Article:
Feeding Habits & Behaviour
Silverish feed on polysaccharides. Books, leather, coffee, carpet, sugar, paper, photos, cosmetics and starches are all included in their diet. They are attracted by damp areas and clothing. Silverfish thrive in kitchens, garages, attics, basements and inside box containers.
They are nocturnal animals and rarely wander during the daytime. They also move in a rapid, quick manner, making them hard for home-owners to spot. Silverfish reproduction is slow—the female can lay no more than 60 eggs at once, and on average lays 100 eggs per lifetime.
What they lack in reproductive efficiency, they make up in longevity. Silverfish live up to 5 years and can survive for several weeks without water, and for a whole year without food. They also cannibalise fallen or injured insects.
They look creepy, don’t they? Worry not! Silverfish do not spread any known diseases and are not venomous to humans. They are not known to bite humans and there is no proof they can—their mandibles can hardly penetrate anything thicker than a paper page.
Unfortunately, a silverfish infestation can have an indirect effect on your health. They are prey to various dangerous pests such as centipedes, spiders and cockroaches which can harm humans or spread diseases.
Households all over the UK have reported damage caused by silverfish to various household objects—leather furniture, books, important documents and family memorabilia. They also feed on wallpapers and wallpaper glue and a serious infestation can easily strip your walls off its coverings.
They feed on plants and sugary foods. They have developed a keen love for cereal and have been found inside sealed packages.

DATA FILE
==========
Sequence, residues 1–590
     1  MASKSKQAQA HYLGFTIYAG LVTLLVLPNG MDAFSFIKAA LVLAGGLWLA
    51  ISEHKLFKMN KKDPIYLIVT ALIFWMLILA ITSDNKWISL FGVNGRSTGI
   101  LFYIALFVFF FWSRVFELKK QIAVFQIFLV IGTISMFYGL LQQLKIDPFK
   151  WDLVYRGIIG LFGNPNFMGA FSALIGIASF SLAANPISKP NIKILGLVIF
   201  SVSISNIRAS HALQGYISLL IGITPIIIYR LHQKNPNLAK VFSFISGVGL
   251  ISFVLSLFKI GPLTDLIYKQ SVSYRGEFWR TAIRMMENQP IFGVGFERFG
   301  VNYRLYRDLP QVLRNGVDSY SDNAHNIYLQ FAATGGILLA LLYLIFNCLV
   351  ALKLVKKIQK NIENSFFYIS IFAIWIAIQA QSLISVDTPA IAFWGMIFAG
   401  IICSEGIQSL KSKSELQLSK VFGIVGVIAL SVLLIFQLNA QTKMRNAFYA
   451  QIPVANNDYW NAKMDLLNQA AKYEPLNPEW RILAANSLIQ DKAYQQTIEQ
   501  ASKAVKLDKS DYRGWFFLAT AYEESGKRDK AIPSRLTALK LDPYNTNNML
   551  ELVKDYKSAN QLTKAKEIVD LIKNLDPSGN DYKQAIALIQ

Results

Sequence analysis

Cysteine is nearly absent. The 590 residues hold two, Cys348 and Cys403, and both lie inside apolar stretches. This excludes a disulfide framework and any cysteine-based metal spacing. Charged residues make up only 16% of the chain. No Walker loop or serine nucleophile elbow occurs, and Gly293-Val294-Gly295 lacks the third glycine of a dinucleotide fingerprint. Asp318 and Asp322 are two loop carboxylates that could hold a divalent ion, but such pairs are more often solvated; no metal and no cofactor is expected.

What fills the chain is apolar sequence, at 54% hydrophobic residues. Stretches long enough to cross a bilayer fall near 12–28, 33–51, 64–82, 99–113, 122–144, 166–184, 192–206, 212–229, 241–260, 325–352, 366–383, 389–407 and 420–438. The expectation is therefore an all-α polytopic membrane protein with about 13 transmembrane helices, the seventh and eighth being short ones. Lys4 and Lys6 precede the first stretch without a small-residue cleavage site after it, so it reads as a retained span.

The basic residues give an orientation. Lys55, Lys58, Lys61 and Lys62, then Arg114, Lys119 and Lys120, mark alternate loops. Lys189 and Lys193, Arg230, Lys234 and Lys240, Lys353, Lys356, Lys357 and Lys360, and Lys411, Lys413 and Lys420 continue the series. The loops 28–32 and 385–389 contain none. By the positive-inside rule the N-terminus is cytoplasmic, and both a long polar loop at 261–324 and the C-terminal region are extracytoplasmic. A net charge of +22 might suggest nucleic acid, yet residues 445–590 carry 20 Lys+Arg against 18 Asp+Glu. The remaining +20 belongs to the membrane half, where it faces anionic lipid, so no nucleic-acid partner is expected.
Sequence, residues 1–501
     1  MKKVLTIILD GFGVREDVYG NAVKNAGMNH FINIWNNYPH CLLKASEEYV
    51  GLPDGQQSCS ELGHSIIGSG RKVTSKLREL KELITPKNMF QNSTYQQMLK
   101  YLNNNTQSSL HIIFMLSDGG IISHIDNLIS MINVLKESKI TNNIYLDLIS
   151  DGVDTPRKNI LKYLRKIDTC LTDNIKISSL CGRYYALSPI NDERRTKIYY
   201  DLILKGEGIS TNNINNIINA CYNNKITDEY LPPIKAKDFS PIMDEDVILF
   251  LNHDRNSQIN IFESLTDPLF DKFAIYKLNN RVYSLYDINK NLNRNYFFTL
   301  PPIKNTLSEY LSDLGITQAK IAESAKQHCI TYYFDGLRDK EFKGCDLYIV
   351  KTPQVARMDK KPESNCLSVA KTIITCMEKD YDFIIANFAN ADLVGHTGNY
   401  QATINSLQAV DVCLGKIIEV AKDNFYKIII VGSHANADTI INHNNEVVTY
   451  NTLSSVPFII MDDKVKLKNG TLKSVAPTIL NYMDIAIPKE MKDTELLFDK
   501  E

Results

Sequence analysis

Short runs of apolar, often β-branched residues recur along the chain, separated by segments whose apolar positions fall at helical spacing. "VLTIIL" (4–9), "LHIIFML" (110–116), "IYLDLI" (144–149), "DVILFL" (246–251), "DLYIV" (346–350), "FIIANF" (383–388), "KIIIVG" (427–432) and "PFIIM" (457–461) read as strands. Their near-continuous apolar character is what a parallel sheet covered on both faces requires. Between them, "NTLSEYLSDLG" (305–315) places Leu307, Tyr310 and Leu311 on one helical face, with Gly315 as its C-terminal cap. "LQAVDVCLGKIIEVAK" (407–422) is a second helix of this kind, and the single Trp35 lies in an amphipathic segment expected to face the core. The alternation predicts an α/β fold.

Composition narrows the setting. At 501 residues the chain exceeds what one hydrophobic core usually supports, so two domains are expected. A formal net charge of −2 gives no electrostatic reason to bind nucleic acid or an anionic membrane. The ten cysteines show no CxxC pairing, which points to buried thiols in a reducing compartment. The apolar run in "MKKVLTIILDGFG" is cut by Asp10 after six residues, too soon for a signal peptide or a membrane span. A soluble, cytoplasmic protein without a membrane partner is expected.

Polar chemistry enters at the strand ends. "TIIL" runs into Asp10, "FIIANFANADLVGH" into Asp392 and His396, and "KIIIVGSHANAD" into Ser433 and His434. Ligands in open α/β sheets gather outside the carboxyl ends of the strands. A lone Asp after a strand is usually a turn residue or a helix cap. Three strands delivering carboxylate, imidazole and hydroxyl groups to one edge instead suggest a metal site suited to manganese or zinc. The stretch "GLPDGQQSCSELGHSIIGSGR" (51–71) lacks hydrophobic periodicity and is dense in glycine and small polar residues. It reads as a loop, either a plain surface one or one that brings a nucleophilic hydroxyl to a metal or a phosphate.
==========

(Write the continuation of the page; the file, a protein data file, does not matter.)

Causes of infestation
Silverfish do not require specific conditions to infest your property. Although they prefer damp environments, they can still live in dry, well-lit areas, especially if there is an abundance of food. They are a cosmopolitan species—they live on all continents except Antarctica and have even spread to Pacific islands.
High humidity is usually a contributing factor to infestation. Silverfish thrive in areas with 84% air humidity and 30ºC. Another contributing factor is the abundant food sources. Those include but are not limited to cereals, sugary foods, old books, wallpapers, glue, and leather clothing. They also feed on various plants and on rotting leaves.
The only way to be sure there is an infestation is to observe a specimen of those insects. However, they are nocturnal animals and run for cover at the first sign of danger. There is still hope, though—bathtubs and ceramic sinks often trap them as they go inside for water and can’t crawl back to freedom.
Another possible sign of silverfish infestation is damage on clothes, wallpapers and books. Unlike bookworms, silverfish do not burrow inside the pages. Instead, they eat them layer by layer, which makes them look as if peeled with sandpaper.
Theoretically it is possible to spot their small faeces but it takes a professional to distinguish between their droppings and common house dust.
Spices – bay leaves, whole cloves and sage have a scent which the silverfish hates. Put the spices around your home, where you have seen the insects. Sachets, under furniture, under appliances.
Diatomaceous earth – it is generally used in polishing products or in toothpaste, in cat litter, it’s a thermal insulator and many more. But in this case, it can dehydrate the silverfish. Just dust over hiding places.
Cucumbers – easy and effective way. These pests don’t like the scent, so if you place the cucumber slices in hiding places, you will get rid of them.
Citrus essential oils – they need to be 100% pure. Mix it with some water, put the mixture in a spray bottle. Use it.
What to do in case of a silverfish infestation
A popular Do-It-Yourself method of silverfish control involves the use of cinnamon. It is a natural repellent to those creatures and they will avoid its odour at all cost. While this method is ineffective at eradicating them, some cinnamon inside your cupboards may save your spices and sweets from destruction. However this will not guarantee a silverfish-free property as cinnamon cannot kill them.
For severe infestations you should rely on the services of an expert who can spray the hiding places of the silverfish and ensure their elimination.